How to Sharpen an Auger Bit? (7 EASY Steps!)

Tired of dull auger bits ruining your woodworking projects? Learn how to master the art of sharpening your auger bits and drill like a pro! Ready?

How To Sharpen An Auger Bit

Auger bits are used to drill holes into wood. They are used in different woodworking projects since auger bits are able to make deep, neat, and uniform holes.

Holes made of auger bits are free of clogging of boreholes.

In order to get precise control when drilling, your auger bits need to be well sharpened. But how to do that? That’s what this article is all about.

Let’s talk, How to sharpen an auger bit?

To sharpen an auger bit, first, file the inside of the spruce with an auger bit file until it gets a sharp edge. Maintain the round profile of the spruce while sharpening an auger bit. Then light file the inner cutting lips. Finally, fix the burr in the lead screw of an auger bit with a file and grinding paste

Simple as that!

You don’t need to throw away good auger bits anymore when they get dull.

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    But there’s a lot more to know about, how to sharpen an auger bit properly.

    In this article, I’ll explore, what tools and materials you’ll need and how to sharpen auger bits by discussing all the steps with lots of tips and techniques

    Furthermore, I’ll answer some frequently asked questions.

    Let’s jump in!

    How to sharpen an Auger Bit
    How to sharpen an Auger Bit

    Can You Sharpen Auger Brill Bits?

    Yes, you can sharpen auger drill bits using an auger bit file which is specialized for sharp auger bits.

    Due to the frequent use or when not using auger bits for so long, the edges of spruce, and cutting lips get dull and the lead screw with the main cutter can develop burr.

    In order to sharpen spruce and cutting lips of an auger bit you need to have an auger bit file.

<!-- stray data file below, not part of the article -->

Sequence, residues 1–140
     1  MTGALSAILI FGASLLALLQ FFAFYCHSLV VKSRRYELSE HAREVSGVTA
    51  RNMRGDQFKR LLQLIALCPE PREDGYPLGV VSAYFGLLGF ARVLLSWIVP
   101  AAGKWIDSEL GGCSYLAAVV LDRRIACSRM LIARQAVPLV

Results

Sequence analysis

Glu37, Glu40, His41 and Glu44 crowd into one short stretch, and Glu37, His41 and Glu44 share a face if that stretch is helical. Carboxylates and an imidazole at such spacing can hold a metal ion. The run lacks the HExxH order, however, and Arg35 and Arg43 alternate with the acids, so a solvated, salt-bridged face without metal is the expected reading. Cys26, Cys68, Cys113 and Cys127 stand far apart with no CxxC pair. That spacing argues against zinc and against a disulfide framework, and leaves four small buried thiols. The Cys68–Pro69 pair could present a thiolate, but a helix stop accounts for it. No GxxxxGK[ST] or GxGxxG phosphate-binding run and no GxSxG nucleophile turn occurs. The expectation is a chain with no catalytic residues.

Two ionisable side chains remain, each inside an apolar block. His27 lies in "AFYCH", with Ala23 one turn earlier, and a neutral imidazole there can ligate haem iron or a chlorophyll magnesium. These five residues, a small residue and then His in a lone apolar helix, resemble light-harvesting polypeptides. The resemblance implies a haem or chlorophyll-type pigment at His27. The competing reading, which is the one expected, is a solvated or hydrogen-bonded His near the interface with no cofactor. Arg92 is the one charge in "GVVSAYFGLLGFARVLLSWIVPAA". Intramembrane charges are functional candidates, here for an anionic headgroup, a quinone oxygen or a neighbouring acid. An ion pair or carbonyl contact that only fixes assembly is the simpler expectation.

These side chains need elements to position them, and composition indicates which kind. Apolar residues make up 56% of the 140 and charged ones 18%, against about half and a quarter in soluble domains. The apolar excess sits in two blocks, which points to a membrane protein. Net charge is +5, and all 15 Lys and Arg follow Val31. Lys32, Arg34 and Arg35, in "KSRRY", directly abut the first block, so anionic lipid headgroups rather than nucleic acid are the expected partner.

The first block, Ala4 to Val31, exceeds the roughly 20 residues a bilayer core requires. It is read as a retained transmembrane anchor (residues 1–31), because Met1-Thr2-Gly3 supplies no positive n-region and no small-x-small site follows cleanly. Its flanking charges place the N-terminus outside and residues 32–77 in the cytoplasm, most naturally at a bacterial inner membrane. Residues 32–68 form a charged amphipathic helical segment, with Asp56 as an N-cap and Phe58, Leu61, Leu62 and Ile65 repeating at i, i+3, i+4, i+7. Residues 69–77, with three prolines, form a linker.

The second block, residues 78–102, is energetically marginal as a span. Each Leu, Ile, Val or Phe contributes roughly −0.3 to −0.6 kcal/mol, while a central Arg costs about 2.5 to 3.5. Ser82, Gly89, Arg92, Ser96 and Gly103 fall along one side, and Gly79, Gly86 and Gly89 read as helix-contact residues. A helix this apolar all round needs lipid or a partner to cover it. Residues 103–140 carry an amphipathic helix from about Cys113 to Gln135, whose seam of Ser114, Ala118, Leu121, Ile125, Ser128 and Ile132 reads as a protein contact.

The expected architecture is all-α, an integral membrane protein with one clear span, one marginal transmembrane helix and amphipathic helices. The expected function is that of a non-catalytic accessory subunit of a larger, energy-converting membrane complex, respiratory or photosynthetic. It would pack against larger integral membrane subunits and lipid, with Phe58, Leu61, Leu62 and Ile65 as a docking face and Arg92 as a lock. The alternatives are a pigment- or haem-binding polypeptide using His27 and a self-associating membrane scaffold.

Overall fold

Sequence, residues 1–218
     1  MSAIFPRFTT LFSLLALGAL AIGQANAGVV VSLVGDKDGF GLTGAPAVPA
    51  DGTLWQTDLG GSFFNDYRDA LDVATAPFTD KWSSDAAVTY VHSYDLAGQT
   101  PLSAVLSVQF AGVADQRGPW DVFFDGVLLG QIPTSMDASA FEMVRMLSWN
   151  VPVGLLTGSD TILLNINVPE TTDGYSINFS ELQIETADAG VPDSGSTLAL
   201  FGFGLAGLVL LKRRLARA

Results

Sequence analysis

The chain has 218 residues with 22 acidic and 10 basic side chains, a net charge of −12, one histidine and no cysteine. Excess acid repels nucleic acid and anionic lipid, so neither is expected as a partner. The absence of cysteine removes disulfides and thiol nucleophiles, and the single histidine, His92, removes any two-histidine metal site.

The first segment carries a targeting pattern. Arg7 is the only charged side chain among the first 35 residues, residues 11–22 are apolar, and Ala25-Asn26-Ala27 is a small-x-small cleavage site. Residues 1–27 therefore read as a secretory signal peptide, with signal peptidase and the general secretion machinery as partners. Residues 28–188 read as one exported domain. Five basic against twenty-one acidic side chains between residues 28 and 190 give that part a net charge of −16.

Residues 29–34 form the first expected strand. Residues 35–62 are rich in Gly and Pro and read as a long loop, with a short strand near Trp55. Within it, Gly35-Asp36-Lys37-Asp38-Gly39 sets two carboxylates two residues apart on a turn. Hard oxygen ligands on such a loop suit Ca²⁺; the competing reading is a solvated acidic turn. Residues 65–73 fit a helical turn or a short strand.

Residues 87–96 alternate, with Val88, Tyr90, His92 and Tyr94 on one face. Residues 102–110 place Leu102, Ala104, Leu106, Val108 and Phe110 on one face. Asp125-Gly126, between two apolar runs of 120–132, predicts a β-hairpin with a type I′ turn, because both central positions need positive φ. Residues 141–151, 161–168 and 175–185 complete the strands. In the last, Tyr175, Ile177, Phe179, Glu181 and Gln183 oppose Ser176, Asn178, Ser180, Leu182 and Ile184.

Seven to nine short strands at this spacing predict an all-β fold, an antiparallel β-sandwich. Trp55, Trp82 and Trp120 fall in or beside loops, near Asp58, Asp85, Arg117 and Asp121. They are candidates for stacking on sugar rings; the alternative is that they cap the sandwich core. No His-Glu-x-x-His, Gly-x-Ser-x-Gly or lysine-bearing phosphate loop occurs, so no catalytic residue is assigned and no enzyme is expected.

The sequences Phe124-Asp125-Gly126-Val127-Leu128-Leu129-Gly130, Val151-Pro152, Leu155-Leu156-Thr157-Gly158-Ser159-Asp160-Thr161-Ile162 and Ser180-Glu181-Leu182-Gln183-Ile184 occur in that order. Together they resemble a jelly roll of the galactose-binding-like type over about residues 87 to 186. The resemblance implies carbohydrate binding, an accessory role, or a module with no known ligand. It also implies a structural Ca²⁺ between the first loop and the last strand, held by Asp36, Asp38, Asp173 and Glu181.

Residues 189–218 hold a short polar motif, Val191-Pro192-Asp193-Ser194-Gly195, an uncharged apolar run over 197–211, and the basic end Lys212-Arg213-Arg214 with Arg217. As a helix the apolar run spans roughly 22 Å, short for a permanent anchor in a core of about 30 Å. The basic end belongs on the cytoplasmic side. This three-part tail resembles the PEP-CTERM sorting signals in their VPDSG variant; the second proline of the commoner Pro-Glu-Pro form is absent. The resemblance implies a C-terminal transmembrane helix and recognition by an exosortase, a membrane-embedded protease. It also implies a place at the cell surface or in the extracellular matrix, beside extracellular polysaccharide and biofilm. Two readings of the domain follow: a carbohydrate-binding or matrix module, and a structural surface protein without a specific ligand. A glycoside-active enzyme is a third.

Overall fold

To get off the burr from the lead screw and reshape some of the threads you need a saw sharpening file or a tapered file or a little needle file.

    By sharpening an auger bit, you’ll be able to make a precise drill hole with control.

    Auger bit file has two taped ends with opposing smooth edges on each end.

    On one end the teeth are filed on the wide faces and the edges are smooth.  That means no teeth or cuts on that edge.

    On the other side, the teeth are placed on the narrow edges and the faces are smooth with no teeth.

    Safe faces are useful to file tight to an inside corner when sharpening an auger bit without damaging the metal.

    Generally, faces with teeth are used to sharpen normal auger bits.

    But auger bits that are smaller than the usual ones and have abnormal shapes can be sharpened with narrow edges with teeth.

    how to sharpen an auger bit

    What If You Don’t Have An Auger Bit File?

    What if you don’t have and don’t want to buy a dedicated auger bit file to sharpen the auger bit?

    No problem. You can make your own with a simple popsicle stick by gluing some sandpaper to it.

    Use two different grist of sandpaper. one for coarser sharpening of the auger bit and fine grit sandpaper for fine honing.

    But I highly recommend you purchase an auger bit file especially if you’re a professional woodworker since filing with an auger bit file is the one that does the sharpening process perfectly since it is specialized for it.

    Tools And Materials to Sharpen An Auger Bit

    • Auger bit file
    • Auger bit
    • Softwood piece
    • Fine-grain grinding paste
    • Toothbrush
    • Water Displacing oil (WD-40)

    Get the tools ready and ready for the sharpening process.